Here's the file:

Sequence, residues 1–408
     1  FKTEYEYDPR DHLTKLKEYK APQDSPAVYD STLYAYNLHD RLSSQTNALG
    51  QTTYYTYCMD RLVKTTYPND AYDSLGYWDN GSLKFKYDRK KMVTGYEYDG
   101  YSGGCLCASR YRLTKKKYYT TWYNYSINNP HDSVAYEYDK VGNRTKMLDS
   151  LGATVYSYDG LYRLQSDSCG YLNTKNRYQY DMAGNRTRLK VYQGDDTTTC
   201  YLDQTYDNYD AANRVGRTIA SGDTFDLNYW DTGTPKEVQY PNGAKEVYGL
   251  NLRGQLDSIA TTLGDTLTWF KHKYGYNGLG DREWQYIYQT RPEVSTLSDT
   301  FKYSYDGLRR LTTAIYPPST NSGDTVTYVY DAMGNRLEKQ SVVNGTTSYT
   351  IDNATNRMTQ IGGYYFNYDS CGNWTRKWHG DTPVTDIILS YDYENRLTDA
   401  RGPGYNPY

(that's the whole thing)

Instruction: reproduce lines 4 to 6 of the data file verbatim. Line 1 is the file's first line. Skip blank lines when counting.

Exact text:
   101  YSGGCLCASR YRLTKKKYYT TWYNYSINNP HDSVAYEYDK VGNRTKMLDS
   151  LGATVYSYDG LYRLQSDSCG YLNTKNRYQY DMAGNRTRLK VYQGDDTTTC
   201  YLDQTYDNYD AANRVGRTIA SGDTFDLNYW DTGTPKEVQY PNGAKEVYGL